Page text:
The ethanol bubble popped, now what?



2008 was not kind to ethanol. In early to mid-2008, rising commodity prices, higher gasoline prices and spiking grocery prices were all blamed on ethanol.



Comments like, "we shouldn't be growing our own fuel," or "there's not enough corn for food, feed and fuel," were commonplace.



As the economy took a nosedive this fall, so did commodity prices, oil and ethanol. Nearly any and all "bubbles" burst, leaving corn below $4 per bushel, soybeans below $9 per bushel, crude oil below $45 per barrel and ethanol under $2.



Time magazine even ranked the ethanol bubble bursting as its number six story out of 10 for green stories of the year. According to the article, "Although government subsidies ensure that ethanol isn't going anywhere, the dream that the U.S. would replace oil fields with cornfields is surely dead."



The short-term future for ethanol isn't looking particularly bright either. The Agriculture Department's World Agricultural Supply and Demand Estimates (WASDE) released in mid-December placed corn used for ethanol production at 3.7 billion bushels, down 300 million bushels from the November estimate.



"The most dramatic change in the December WASDE report was the big drop in corn used for ethanol production," said Terry Francl, senior crops economist with the American Farm Bureau Federation (AFBF). "I am surprised that corn use for ethanol dropped by that much. Demand for ethanol is down, just like demand for gasoline is down, but I just don't think the decline is that large. I believe 3.8 billion bushels to 3.9 billion bushels is closer to the mark."



Francl went on to say that he expected corn exports in 2009 to weaken further due to the worldwide economic slowdown. As a result of weak demand, ethanol plants are expected to remain idled, which is likely to put a damper on plants being constructed.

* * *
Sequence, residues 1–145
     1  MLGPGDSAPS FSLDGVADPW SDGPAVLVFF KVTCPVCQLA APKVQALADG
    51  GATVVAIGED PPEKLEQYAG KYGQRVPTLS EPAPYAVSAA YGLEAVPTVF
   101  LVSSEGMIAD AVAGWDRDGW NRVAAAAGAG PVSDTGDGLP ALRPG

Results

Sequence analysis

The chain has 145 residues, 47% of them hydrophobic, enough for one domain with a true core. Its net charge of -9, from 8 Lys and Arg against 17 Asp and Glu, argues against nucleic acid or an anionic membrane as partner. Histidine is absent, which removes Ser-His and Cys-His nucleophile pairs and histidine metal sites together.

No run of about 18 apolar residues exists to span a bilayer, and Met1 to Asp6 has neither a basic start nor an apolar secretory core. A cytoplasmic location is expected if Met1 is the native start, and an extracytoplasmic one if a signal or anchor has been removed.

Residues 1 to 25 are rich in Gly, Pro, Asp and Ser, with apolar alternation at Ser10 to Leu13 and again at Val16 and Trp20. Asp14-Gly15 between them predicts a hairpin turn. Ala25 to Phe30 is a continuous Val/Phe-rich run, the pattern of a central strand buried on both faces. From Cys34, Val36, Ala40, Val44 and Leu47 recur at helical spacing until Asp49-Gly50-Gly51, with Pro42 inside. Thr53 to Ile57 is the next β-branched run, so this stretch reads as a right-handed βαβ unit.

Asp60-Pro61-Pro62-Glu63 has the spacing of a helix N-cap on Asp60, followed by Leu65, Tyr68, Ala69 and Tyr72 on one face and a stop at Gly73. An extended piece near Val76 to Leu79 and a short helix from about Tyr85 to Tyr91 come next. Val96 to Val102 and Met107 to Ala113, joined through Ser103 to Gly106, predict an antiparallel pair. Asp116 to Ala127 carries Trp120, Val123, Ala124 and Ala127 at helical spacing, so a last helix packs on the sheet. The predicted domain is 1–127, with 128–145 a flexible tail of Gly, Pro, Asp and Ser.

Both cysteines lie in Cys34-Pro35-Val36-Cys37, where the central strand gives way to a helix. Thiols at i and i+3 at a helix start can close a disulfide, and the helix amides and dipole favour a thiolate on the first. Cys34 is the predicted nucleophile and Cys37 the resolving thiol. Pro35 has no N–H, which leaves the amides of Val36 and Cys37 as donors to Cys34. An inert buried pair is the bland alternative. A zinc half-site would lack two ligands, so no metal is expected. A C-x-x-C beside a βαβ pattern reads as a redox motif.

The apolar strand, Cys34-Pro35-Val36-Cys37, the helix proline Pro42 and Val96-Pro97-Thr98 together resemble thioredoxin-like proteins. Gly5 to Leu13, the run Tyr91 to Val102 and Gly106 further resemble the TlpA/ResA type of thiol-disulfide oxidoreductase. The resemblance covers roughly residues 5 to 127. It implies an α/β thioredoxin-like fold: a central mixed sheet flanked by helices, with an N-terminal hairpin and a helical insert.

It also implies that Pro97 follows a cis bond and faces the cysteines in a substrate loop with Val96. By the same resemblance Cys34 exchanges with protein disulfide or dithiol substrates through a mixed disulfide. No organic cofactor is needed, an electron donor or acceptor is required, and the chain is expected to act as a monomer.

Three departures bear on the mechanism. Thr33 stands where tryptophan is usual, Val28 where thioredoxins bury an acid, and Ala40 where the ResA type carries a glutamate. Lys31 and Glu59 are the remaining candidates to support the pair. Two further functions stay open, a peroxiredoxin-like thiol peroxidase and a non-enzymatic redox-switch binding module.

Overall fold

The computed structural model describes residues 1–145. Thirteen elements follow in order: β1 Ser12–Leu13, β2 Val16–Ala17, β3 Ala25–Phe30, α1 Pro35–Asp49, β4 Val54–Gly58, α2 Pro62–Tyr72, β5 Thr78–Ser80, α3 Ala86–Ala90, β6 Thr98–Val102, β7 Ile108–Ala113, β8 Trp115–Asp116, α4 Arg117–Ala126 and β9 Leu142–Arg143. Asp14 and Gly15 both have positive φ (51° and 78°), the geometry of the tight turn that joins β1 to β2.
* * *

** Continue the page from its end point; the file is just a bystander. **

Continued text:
One significant change in the commodity markets is that corn is now looked at as a fuel instead of food. At the Agricultural Retailers Association 2008 Conference & Expo in early December, company leaders at Mosaic, Cargill and Monsanto all stressed that the price of corn is now tied to the price of oil. Therefore, corn prices are not expected to recover until oil prices rise again. As a result, the ethanol industry is going to be facing some very difficult times especially as the Renewable Fuels Standard targets 3.8 billion bushels of corn for ethanol production in 2008/09.



The bearish economy already has impacted farmers, many of whom chose not to apply crop nutrients this past fall, and they are waiting to see if retail fertilizer prices drop since wholesale fertilizer prices except for potash dropped to about half of July highs. With everyone holding their breath and their pocketbooks, something is going to have to give and give soon.



Another impact on the corn market will be seen when planting intentions come out. With corn commodity prices below $4 and input costs and seed costs up, will there be a drop in corn acres this year?



The impacts to the ethanol industry from the burst bubble are likely not finished. Like the effects to Main Street, the current recession won't leave the ethanol industry untouched. Unless and until oil prices and commodity prices rise, expect major restructuring and reorganization for the ethanol industry in 2009.